The Play

(Survey of Dramatic Literature)

Childe Byron begins with a curious musical duet: The lush viola solo from Hector Berlioz’s Harold in Italy (1834) mingles with forceful, driving sounds from a computer, suggesting the conflict between romance and reason, father and daughter, that will be enacted before the audience. A spotlight from the rear of the stage reveals the outlines of a woman, ill and coughing, sitting on a chaise longue. Out of the dark comes Byron’s voice, accompanied by the viola melody, addressing his daughter with the opening lines from canto 3 of Childe Harold’s Pilgrimage (1812-1818, 1819): “Is thy face like thy mother’s, my fair child?/ Ada, sole daughter of my house and heart?” Drowned by the noise of electronic computers, the music fades as Ada’s voice responds, fierce and precise, not answering her father’s question but describing the structure of her calculating machine, the Analytical Engine. This disjunctive and cacophonously scored dialogue of disembodied voices continues until the spotlight fades and the lights come up, revealing the bedroom of Augusta Ada, Countess of Lovelace, on the last day of her life. She is thirty-six and dying of cancer.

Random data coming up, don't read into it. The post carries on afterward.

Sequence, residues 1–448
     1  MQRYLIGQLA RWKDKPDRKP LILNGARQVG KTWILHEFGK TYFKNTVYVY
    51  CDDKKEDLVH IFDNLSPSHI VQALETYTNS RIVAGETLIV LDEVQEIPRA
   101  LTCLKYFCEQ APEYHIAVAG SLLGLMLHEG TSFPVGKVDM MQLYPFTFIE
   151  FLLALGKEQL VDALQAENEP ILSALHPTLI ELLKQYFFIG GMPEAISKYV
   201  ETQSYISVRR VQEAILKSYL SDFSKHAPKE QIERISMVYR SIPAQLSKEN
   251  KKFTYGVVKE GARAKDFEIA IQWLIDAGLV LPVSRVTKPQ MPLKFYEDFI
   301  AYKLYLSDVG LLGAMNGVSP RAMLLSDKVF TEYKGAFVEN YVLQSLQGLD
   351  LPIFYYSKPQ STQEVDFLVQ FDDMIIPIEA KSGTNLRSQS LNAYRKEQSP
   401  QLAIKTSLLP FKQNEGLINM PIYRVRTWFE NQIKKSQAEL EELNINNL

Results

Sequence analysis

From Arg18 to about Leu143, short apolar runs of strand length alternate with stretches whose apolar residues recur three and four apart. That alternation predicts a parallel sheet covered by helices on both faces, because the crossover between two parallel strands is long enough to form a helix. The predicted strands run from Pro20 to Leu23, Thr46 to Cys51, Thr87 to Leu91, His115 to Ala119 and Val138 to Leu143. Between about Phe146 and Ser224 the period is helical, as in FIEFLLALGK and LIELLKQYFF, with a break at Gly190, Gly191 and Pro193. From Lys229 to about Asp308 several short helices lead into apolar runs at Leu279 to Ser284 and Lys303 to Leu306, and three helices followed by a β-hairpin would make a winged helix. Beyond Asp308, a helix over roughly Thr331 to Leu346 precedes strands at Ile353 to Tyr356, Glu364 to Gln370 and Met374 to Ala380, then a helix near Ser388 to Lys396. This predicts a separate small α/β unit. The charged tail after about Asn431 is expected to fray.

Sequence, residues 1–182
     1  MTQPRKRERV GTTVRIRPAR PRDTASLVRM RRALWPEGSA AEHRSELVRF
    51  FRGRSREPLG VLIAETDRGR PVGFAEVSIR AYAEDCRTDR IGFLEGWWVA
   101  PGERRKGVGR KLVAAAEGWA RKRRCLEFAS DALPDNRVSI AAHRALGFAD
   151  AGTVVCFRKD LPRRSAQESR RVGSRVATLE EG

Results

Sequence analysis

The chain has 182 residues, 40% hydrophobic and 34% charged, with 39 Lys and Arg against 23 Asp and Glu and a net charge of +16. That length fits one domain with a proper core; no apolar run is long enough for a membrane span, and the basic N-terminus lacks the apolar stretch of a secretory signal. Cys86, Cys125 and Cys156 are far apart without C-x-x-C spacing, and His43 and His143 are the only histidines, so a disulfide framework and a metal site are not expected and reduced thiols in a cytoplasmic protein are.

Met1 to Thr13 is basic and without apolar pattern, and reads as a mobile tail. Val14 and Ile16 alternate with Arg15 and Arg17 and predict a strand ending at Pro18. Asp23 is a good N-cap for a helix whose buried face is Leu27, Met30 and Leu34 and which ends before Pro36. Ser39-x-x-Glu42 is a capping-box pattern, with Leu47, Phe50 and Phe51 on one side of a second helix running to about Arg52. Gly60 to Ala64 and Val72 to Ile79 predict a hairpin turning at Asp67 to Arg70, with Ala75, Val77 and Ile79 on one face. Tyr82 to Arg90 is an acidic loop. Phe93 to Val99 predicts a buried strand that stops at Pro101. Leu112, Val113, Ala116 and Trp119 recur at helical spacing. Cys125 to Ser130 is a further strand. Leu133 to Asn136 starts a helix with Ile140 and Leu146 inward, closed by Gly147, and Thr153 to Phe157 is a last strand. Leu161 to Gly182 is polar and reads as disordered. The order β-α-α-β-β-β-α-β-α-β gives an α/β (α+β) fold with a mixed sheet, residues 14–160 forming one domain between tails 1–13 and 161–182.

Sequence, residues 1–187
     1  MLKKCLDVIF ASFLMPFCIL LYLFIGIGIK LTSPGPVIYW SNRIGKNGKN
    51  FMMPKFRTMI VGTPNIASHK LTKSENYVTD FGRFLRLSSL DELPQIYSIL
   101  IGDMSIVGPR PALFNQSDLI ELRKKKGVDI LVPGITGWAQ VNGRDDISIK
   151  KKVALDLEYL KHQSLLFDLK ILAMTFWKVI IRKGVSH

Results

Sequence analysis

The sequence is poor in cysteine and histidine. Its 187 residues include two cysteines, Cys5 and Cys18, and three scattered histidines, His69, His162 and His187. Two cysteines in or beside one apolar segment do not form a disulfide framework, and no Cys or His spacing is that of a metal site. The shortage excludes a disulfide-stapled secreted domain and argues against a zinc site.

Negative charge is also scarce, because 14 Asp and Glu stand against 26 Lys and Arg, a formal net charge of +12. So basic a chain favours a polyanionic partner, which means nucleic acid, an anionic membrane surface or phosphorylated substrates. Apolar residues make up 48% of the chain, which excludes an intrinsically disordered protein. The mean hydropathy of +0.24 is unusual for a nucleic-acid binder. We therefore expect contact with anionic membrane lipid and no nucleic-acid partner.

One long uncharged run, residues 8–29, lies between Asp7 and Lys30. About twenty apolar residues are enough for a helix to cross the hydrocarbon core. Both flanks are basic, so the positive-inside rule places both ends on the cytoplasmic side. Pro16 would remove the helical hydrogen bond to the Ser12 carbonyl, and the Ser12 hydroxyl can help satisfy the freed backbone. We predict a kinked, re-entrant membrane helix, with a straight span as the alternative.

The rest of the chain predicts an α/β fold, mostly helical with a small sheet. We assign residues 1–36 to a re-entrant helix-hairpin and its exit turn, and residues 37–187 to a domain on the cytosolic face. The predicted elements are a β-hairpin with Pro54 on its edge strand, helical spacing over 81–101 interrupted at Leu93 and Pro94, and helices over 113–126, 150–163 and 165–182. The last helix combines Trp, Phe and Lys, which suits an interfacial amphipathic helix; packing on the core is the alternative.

Ada sits in front of a table piled high with books and manuscripts, Byron’s poems, musical scores, mathematical charts, loose notes, and notebooks. To the side are a complicated model of her machine, a violin case, dueling pistols and broadsword, and various decanters of wine and medicine. She is trying to finish her will, but she cannot inscribe her final testament without confronting the father whom she never knew—but whose notorious life nevertheless seems inescapably linked to hers. In her hallucinatory state, drugged and dying, she calls up her father’s ghost and insists that he justify his life and his paternal neglect. Byron accommodatingly appears, romantically turned out in cloak and open collar, the embodiment of everything Ada has learned about him. She wants more, however, than this romantic icon; she wants to find out “what you really were. Logically. Without regret, or sentimentality.” As her own Analytical Engine might do, she prepares to tabulate her data, comparing the information she has before her with the responses Byron makes to her questions and charges. Equally eager to discover the daughter whom scandal forced him to abandon in her infancy, Byron accepts her right to know the truth.

In presiding over and commenting on the dramatized vignettes called up from Byron’s past, father and daughter do discover each other, but the process unfolds rather like a legal duel, with each making accusations, demanding...

(The entire section is 1081 words.)